Thursday, October 31, 2013

Halloween Eeriness

In the past little while, I've saved a few photos especially for this day. In keeping with the Halloween tradition, they all have a touch of eeriness. At least I think so. All but one were taken on a foggy morning in August, but I put them aside until now. Actually, when I say "morning", it was very very early — still night really. I simply woke up early, saw the fog, and decided to go out and shoot.

This "Face in the Tree" was shot recently.

Back to the foggy morning where I encountered some pretty creepy spider webs. Look at all of the webs in this picture. This is the bridge on our main street (cleverly called Bridge Street) over the Mississippi River (no not THAT Mississippi River) by townhall.

This final photo was also taken by townhall. I think it must win the creepy award for the day.

Eerily Yours

Tuesday, October 29, 2013

Hermione's New Home

One more and final post on the vehicle situation should just about do it.

About 40 years ago, I was in two accidents, a year or two apart at the time but close together in retrospect. One was deemed my fault, but I was rear-ended in the other. I was accident free until this summer when I was in two accidents. One was my fault; it involved a tree and no other vehicle; but, once again, I was rear-ended in the other.

Each of this years accidents involved photography. In the first, I was backing onto a grassy, treeless verge to park the car, so I could get a picture across the street. Except the the treeless verge wasn't ... treeless. The car was easily repaired, and off we went. The second accident also involved us wanting to stop to take a picture, but the guy behind didn't want to stop. /shrug/

Anyway, I am not about to give up photography, and here are some pics to prove it although Sue took the last two.

Getting ready to take Hermione (yes, that's her name) to her new home

A little later, we were about to take JJ for a little runabout. Notice the winter coat.
I was wearing it for the first time this season.

Our first passenger. I think he liked the ride. He has a new coat.

Behind the scenes of a CRV illusion ad. I only saw this after the purchase. It wasn't the reason for purchasing a CRV. I swear. Pretty neat: it's worth watching.

Monday, October 28, 2013

A Fine Balance

Life is a balancing act. Both grands were working on their balance on Thanksgiving weekend.

Danica spent much of TG weekend learning to ride a two-wheeler. She didn't really want much help but just got on and worked and worked in the quiet dead end by the house. By the time we got there, she pretty well had it mastered. It isn't a long stretch, so turning around was a problem that was really slowing her down, but by the end of the weekend, she was doing oh so well. I was impressed with her determination and sticktoitiveness.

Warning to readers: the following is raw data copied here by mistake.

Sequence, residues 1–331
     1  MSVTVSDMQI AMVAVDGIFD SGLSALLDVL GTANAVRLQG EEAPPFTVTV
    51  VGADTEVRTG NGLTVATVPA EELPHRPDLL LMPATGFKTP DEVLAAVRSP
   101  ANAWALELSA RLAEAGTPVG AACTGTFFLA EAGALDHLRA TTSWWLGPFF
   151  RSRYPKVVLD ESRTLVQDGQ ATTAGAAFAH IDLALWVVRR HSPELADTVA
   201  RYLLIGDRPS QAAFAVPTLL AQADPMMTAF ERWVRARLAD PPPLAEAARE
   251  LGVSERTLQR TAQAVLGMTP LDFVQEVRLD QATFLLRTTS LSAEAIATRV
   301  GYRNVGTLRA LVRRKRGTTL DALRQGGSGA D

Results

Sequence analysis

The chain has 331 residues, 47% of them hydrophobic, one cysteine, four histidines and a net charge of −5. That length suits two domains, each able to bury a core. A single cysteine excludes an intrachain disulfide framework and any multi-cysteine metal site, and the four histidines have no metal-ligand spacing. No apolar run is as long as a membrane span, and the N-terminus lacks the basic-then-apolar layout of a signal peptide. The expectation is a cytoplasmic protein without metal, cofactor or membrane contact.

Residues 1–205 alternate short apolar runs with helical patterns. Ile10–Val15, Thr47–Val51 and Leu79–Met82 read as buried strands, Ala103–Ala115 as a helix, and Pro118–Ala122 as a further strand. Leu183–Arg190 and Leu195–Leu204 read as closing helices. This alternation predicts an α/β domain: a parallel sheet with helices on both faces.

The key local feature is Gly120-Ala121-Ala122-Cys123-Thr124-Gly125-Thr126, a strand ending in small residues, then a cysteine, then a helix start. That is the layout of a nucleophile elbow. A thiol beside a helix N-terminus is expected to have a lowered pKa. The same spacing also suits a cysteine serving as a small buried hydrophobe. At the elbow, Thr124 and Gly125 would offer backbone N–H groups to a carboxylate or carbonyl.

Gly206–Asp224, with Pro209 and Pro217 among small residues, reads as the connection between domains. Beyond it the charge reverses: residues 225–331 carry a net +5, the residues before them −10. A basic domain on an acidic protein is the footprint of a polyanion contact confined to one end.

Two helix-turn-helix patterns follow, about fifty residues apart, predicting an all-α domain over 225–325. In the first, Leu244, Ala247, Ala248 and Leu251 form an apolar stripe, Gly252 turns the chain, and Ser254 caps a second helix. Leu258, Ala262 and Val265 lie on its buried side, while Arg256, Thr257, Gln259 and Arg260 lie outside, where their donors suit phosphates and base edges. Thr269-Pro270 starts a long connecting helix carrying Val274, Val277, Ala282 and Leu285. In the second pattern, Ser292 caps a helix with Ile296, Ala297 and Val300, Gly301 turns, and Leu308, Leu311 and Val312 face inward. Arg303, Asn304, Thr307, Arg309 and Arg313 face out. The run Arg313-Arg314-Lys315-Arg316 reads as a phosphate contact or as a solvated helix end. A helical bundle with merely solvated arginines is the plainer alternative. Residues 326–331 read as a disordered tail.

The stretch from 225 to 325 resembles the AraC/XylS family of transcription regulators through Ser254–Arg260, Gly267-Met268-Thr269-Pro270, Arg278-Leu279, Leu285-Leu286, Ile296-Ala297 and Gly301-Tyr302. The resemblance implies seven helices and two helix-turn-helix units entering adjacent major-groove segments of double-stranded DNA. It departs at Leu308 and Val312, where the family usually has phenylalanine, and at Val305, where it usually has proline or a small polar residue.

Meanwhile, little brother has been enrolled in hockey. As a Canadian lad, this is a good thing. But JJ is much more cautious about life and is the kind of guy who needs to warm up to something gradually. He was that way in swimming lessons this summer, dreading letting go. Toward the end of the two-week session, however, he did let go and surprised his teachers. Likewise, in these early days, he's way behind the other kids when it comes to skating, but hopefully, he'll soon get his bearings.

He looked good while still on dry land in shoes.

Steps were short and very hesitant.
Much time was spent alone both at and on centre ice.
He did receive much help and attention — to which he responded with reluctance.
The coaches even brought him to the net where he scored a goal.
Meanwhile, Danica ran about with great gusto.
These two children certainly respond to live differently. She jumps in with two enthusiastic feet, and he takes his sweet time warming up to new situations. There's room for both personality types, and I guess they'll both get where they need to go in the end.

Saturday, October 26, 2013

The Deal is Done and the New Girl is Home

So boys and girls, 23 days after the accident and 21 days after picking up our rental vehicle we are finally getting on an even keel.